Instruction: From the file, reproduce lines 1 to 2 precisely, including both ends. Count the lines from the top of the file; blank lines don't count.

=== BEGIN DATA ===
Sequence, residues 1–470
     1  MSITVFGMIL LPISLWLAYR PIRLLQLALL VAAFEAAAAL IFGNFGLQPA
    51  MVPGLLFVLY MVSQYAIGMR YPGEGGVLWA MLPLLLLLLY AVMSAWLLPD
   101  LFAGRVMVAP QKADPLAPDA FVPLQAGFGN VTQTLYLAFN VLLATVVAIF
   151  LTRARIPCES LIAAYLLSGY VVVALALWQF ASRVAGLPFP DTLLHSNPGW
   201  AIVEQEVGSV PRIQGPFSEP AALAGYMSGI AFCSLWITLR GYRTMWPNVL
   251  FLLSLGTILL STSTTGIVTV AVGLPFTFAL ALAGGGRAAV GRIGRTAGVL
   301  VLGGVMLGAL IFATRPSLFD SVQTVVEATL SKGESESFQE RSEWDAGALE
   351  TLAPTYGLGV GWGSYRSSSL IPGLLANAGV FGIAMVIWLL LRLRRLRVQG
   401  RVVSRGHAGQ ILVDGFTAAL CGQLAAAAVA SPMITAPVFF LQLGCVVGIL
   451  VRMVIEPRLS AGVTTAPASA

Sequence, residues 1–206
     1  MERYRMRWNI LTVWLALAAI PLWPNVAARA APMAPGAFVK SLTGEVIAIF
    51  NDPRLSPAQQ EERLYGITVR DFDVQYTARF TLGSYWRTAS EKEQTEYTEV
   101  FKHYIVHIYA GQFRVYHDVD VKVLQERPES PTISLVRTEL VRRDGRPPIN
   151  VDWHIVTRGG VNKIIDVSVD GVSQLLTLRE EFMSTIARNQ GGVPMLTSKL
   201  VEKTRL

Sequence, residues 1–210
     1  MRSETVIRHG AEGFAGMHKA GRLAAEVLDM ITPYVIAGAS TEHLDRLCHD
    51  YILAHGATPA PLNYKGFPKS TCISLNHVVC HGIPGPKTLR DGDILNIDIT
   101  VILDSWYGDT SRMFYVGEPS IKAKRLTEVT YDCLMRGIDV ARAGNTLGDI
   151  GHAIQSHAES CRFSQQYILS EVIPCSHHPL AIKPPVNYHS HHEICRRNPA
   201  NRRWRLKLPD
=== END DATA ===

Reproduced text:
Sequence, residues 1–470
     1  MSITVFGMIL LPISLWLAYR PIRLLQLALL VAAFEAAAAL IFGNFGLQPA